About the Book






The Stonking Steps Reviews

Reality informs Rogers’ fantasy childhood quest

By Amy Jo Ehman, for The StarPhoenix

Will Rogers knows that Christmas wishes don’t always come true. In fact, he even got a rejection letter from a publisher on Christmas Eve.

“It was the only piece of mail that I got that day. I was in a grinchy mood after that,” he says.

So, it’s no surprise that Rogers’ first novel doesn’t have a fairy tale, solve all your problems, Christmas magic type of ending. There is plenty of fantasy and imagination, but a good dose of reality, too.

“I wanted a fantasy story with a realistic ending,” says Rogers, author of The Stonking Steps: A Journey through Ing-Ong-Ung, a novel for seven-12 year olds. “Too many Hollywood and Disney films have chich√© endings, where traumatized families get unexpected surprises that improve their lives forever. That rarely happens in real life, especially at Christmas time. The fantasy world can’t solve the problems that we face in the real world.”

Let’s make it clear that Rogers had a happy childhood and he really loved Christmas. He was an only child, and didn’t live close to other relatives, so Christmas was a quiet time with his parents.
But they moved a lot when he was young, and he often felt dislocated from his surroundings. His best friend was a stuffed dog. When he was six, his parents moved from Phoenix, Arizona, to Saskatoon, and he settled into his new home.

Now 35, working as a teacher’s assistant at Bishop Pocock Elementary School, Rogers says he’s met children whose lives were less fortunate than his own.

“I used to volunteer in the Victoria School library and I knew a young boy who kept living with different relatives and changing schools. He got really attached to me, and I sort of based this book on him,” he says.
The story is about a boy named Justin who is living unhappily with his aunt and uncle. He overhears that they will send him to a foster home after the Christmas holiday. Justin’s dream is to live with his mother, convinced that everything would be wonderful if only he could find her.

He discovers a portal into the fantasy world of Ing-Ong-Ung and sets off on a grand adventure to find his mom. Along the way, he makes friends with some stuffed animals and four carousel horses. Together they head for the Stonking Steps which, if you reach the top, have the power to grant wishes. (Stonking is a British slang word for something really wonderful as in, “That was a stonking good party.”
Of course, there are bad people along the way, like the greedy Hip O’Pigamus who steals children’s toys before they can be delivered by Santa Clause.

The novel is set in Saskatchewan. According to the author, Justin’s fictional hometown of Aspen Grove is located in the area of Melfort and Tisdale. The portal is north of that, in the forest around Narrow Hills Provincial Park. Rogers included maps of Ing-Ong-Ung which he drew himself.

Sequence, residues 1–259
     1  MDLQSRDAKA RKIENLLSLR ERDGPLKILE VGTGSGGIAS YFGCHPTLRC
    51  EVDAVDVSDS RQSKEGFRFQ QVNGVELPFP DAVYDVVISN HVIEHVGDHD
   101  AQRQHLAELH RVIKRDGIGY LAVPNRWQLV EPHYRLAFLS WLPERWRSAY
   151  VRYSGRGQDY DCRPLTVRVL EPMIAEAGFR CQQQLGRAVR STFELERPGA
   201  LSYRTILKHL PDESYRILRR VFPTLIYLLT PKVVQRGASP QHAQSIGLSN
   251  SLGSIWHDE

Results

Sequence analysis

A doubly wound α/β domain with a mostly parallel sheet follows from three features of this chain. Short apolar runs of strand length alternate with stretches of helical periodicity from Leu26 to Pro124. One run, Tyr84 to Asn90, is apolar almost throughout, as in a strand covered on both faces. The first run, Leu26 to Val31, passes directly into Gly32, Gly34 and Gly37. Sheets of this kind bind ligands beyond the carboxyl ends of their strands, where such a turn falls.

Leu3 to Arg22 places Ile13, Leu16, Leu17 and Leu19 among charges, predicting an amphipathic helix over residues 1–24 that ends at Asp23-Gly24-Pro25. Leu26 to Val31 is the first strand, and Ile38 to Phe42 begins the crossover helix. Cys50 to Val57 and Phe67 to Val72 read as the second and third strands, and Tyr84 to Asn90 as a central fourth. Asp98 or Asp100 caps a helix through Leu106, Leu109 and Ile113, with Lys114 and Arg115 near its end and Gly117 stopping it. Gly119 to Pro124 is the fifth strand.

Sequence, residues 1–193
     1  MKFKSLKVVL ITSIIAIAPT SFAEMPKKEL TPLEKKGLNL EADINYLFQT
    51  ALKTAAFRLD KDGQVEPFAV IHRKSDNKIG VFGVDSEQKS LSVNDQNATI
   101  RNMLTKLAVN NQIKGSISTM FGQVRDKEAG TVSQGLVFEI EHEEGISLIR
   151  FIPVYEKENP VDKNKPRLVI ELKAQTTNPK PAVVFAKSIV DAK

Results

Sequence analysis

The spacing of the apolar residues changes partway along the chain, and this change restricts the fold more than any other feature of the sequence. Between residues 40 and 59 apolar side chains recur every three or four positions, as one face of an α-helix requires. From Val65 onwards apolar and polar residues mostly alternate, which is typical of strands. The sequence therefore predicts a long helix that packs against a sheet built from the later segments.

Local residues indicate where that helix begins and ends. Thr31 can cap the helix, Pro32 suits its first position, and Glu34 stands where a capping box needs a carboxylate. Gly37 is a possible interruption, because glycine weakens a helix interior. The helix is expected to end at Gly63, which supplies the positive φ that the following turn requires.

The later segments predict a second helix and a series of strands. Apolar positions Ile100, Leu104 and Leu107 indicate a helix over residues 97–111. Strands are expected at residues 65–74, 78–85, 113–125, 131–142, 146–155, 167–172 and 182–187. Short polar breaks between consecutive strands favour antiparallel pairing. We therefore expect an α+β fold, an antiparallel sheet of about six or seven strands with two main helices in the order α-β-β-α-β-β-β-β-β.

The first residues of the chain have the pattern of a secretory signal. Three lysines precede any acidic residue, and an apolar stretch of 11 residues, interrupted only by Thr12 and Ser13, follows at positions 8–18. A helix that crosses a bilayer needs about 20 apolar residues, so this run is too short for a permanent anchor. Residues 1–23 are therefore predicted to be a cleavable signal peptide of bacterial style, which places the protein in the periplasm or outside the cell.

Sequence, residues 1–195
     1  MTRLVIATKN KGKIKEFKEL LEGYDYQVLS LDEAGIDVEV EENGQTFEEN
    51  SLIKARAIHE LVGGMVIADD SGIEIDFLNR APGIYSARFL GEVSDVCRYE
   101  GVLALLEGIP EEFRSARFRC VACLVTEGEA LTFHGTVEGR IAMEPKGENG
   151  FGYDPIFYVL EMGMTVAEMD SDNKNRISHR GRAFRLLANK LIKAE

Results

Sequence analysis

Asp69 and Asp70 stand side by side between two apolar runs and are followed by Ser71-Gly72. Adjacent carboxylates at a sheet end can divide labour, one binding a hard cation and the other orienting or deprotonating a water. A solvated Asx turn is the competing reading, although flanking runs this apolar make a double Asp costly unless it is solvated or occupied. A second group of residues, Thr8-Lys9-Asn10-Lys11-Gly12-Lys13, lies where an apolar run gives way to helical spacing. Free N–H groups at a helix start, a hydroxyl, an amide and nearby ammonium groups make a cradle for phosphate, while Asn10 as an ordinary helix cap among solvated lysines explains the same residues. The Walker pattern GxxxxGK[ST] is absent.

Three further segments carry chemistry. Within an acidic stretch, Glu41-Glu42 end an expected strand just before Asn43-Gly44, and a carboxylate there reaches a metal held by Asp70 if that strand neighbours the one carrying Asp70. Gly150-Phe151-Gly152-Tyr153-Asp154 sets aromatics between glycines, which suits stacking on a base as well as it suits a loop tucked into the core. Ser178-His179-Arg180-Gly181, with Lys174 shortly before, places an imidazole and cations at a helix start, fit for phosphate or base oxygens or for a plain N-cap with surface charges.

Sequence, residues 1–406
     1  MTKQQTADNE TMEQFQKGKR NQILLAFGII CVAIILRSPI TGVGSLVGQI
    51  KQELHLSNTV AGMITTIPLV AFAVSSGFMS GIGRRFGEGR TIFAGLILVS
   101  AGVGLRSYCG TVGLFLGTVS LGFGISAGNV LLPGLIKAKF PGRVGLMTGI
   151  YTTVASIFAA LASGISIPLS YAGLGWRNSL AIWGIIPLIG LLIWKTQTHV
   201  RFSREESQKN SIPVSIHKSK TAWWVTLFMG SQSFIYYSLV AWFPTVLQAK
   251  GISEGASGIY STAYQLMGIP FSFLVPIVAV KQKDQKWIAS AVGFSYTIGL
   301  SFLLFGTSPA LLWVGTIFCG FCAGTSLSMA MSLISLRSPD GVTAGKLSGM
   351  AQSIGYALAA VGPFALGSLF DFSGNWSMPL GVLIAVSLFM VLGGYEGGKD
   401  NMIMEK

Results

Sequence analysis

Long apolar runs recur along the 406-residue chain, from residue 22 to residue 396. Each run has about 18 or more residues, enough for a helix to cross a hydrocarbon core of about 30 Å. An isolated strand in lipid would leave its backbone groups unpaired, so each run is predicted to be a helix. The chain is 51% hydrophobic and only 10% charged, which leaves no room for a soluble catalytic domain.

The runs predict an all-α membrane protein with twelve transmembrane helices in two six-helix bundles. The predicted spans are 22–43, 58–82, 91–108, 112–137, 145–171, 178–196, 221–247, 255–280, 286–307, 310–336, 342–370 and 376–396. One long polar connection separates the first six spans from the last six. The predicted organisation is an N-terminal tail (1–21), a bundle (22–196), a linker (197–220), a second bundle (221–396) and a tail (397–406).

In fact, the book is a family affair. Rogers’ mom, the artist Honor Kever, illustrated the book. His stepfather, the author David Carpenter, provided proofreading and encouragement.

After one too many rejection letters from publishers, Rogers and his family paid to have the book published by Trafford Publishing of Vancouver, which sells books over the Internet at He says about 50 books have been sold already, mostly into the United States.

Rogers, who has high-functioning autism, is already working on a sequel.

“Writing is a very good way to communicate if you’re autistic,” he says.

“You can take your time to think about what you’re going to say.”

Rogers and his book, The Stonking Steps: A journey through Ing-Ong-Ung, will be featured at the McNally Robinson bookstore on the evening of Dec. 2. He will give a reading Tuesday at 7:30 p.m. at Alice Turner Library.

– The StarPhoenix, Saskatoon, Saskatchewan, Saturday, October 16, 2004
Ehman is a Saskatoon freelance writer.

Although I try my best to be accurate in my reviews and essays, I had no control over what was said in the Star Phoenix review. One of the things mentioned indicated that I never spent time with relatives at Christmas when I was a kid. Although this was very true when I was a young child, it was much less true when I was an older kid and a teenager. When I was in my early and mid-teens, I would go down to the U.S. to visit my dad and stepmother and we’d go to my stepmother’s family’s farm near Eagle Grove, Iowa, every Christmas, Easter, and summer. Also, from the Christmas I was ten, my mom and I would spend the holidays in San Antonio, Texas, with my grandparents. For several Christmases, I’d first go to see my dad’s family, then I’d fly down to San Antonio and meet my mom and grandparents. Then my mom and I would come home to Saskatoon. Grandma and Grandpa also came up for Christmas when I was six, and we flew down to San Antonio the Christmas I was eight, which was my first airplane trip.

Will Rogers